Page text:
Bottom line, The Circle is a brilliantly written novel that is both timely and timeless.  Eggers has always been an ambitious writer, and thematically speaking, in this book he throws up half a dozen targets and hits them all, dead center.

Book Review of The Silent Wife by A.S.A. Harrison

After twenty years together, Jodi and Todd have come to a bad place in their relationship. Todd, a successful real estate investor and serial cheater, has impregnated his oldest friend’s daughter, Natasha, who is twenty-five years his junior. But unlike his other dalliances, Todd is in love with and wants to marry Natasha; he wants (or thinks he wants) to start a family. Meanwhile Jodi, a part-time therapist, is kicking herself for never agreeing to marry Todd, something he proposed many times over their more than two decades together. In the eyes of the law, Jodi has no legal rights to anything, like, for instance, the couple’s expensive condo in downtown Chicago, or Todd’s sizable real estate holdings. After much reflection, Jodi realizes that everything she did for Todd–the cooking and cleaning, the emotional support, the looking the other way on his trysts–mean nothing to him, and she must do something about it. The whole sordid affair comes to a head when Todd serves Jodi with eviction papers, and from there, his violent demise is imminent, and, at least in this reader’s mind, somewhat justified.

Regarding the question of “Will Todd be murdered?,” there is no suspense. You learn practically in the first ten pages that he will meet a violent end. And yet, this an incredibly suspenseful novel, well-paced and gorgeously-written. The chapters alternate between Jodi’s voice and Todd’s and are each labeled HIM and HER. How the author completely inhabited the minds and bodies and souls of both Todd and Jodi is a marvel and was a true pleasure to read, but even more impressive is how she managed to make Todd hate-able and likeable at the same time, how she portrayed Jodi as both victim and perpetrator.  The author’s prose, the way she develops character deliberately, sentence by sentence, paragraph by paragraph, chapter by chapter reminds me of the writing of Henry James and, more recently, Jonathan Franzen.  There were passages in this novel that were so lovely, so true, and so unflinchingly honest they demanded to be read aloud.

Bottom line, while this isn’t a mystery in the Whodunnit sense of the word, it is by far the best novel I’ve read in the last six months. The character development, the pacing, the prose, and yes, even the plot manages to, in the end, surprise the reader. I’ve read reviews of this book that compare it to Gillian Flynn’s work, particularly Gone Girl, and I can certainly see the similarities.  However, I do think The Silent Wife has one major difference: Gillian Flynn’s books are really, really good, and Harrison’s novel is great. Tragically, Harrison died recently of cancer, and I can’t help but feel a sting of selfish anger, for there will be no more books from this fantastic author.

silentwife

Book Review of Until Death by James Thane

Imagine you’re a top-shelf “escort,” and some whack-job gets a hold of your day planner and starts offing your clientele, one by one. What do you do?

In Until Death, Sean Richardson, a Phoenix homicide detective, is tasked with investigating a series of murders that seem, at first, to be unrelated. But then Gina Gallagher, an off-the-charts-beautiful call girl, comes into the police station and drops a bombshell: the recent homicide victims were all her clients. And her day planner, which contains the names of all her clients, has gone missing. From there, Richardson works the clues, and they lead him on a goose chase involving the men in Gallagher’s life: a lawyer who turns out to have installed a secret camera in her apartment, an ex-boyfriend who takes pictures of her a la a peeping tom, and a host of other johns/well-heeled businessmen with money and motives to spare.  Like in any good mystery, practically everyone has a motive, whether it be jealousy, revenge, or just general creepiness, and it takes a while–perhaps too long, in my opinion–for Richardson to sort through the motives and alibis and solve the case. However, in the end, he does, and the penultimate scene is dripping with tension and drama and well worth the wait.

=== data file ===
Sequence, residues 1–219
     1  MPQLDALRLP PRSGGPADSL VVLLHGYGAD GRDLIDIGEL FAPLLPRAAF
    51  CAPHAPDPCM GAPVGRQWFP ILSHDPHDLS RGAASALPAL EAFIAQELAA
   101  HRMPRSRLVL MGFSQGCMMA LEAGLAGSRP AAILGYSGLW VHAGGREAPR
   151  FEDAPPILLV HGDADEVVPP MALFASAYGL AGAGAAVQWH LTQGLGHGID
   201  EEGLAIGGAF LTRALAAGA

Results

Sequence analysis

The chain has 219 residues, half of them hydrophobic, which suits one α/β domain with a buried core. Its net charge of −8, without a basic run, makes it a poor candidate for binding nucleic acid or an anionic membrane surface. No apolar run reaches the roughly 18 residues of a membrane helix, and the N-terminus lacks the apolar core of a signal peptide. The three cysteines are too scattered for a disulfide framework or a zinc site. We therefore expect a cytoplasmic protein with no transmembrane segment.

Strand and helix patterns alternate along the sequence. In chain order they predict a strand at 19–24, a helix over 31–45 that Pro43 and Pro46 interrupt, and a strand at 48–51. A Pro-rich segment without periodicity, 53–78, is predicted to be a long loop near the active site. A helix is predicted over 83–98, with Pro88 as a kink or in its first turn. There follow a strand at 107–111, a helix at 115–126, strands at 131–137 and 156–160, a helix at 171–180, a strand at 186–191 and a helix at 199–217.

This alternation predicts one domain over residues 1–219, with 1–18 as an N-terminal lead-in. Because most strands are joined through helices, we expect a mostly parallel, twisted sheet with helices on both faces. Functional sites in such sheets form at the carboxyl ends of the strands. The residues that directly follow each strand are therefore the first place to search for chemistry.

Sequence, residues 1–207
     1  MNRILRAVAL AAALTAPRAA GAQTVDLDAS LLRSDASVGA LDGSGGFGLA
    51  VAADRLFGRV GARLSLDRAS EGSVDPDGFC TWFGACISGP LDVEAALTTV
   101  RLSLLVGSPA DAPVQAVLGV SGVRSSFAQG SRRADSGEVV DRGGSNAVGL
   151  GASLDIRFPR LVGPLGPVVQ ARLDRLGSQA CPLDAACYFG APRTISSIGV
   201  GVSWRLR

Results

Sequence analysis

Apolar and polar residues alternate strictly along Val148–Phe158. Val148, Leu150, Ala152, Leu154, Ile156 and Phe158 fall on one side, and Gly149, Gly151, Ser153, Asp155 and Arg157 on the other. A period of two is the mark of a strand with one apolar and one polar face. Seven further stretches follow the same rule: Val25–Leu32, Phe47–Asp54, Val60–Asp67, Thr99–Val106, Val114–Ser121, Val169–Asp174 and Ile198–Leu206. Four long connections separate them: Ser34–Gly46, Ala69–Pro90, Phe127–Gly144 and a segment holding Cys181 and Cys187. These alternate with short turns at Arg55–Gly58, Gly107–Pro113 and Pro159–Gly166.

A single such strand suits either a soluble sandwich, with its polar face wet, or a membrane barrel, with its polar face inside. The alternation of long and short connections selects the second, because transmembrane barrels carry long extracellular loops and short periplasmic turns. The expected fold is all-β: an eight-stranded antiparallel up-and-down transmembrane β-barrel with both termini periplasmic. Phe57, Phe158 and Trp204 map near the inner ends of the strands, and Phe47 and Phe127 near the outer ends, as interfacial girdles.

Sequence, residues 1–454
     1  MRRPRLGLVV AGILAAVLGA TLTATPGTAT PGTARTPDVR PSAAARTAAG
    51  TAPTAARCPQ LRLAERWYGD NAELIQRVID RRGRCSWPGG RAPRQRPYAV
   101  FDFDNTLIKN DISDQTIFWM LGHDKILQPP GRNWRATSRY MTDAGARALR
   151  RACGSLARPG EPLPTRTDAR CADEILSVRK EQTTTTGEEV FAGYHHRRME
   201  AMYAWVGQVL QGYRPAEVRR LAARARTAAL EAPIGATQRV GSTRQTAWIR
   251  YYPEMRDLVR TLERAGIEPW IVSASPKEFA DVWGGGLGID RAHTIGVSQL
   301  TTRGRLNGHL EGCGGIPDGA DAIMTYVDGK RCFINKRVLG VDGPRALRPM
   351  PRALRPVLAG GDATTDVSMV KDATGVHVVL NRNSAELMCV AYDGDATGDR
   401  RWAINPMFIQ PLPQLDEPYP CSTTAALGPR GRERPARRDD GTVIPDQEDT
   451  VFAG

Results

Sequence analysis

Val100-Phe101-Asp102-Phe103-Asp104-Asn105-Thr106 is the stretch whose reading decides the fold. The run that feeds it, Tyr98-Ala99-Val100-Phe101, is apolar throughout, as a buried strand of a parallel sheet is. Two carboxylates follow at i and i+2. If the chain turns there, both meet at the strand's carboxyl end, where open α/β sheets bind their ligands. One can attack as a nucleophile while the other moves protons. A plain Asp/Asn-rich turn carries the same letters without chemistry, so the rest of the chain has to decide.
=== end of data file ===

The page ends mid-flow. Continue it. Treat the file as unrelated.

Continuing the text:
For me, the women in this novel are what elevate Until Death above the many, many police procedurals lining the bookshelves.  Gina Gallagher, a high-end escort/personal trainer, is anything but a stereotypical call girl. She is pragmatic and a calculating business woman, but at the same time she has a heart and a brain. Nancy Ballard, the grieving wife of the first homicide victim, is also interesting. I don’t want to spoil the plot, but Thane does an excellent job of shifting the narration between Sean Richardson, the lead homicide detective on the case, and Ballard, who plays a significant role in the case’s conclusion. From a reader’s standpoint, I think that Thane captured the voice of an angry, grieving, and vengeful widow very well, and he does so without slowing down the pace of the narrative, which is paramount in a police procedural. While Gallagher and Ballard were certainly well-drawn, I most say I found Maggie McClinton, Richardson’s partner, to be the most compelling character in the entire book. She is foul-mouthed, tough, and capable, and I am hoping to see much more of her in future novels.

Bottom line, this is a solid, highly-readable book, and I look forward to the next in the series. In the meantime, I will go back and read No Place to Die, the first in the series.

until death

 

http://www.amazon.com/Until-Death-James-L-Thane/dp/1477849467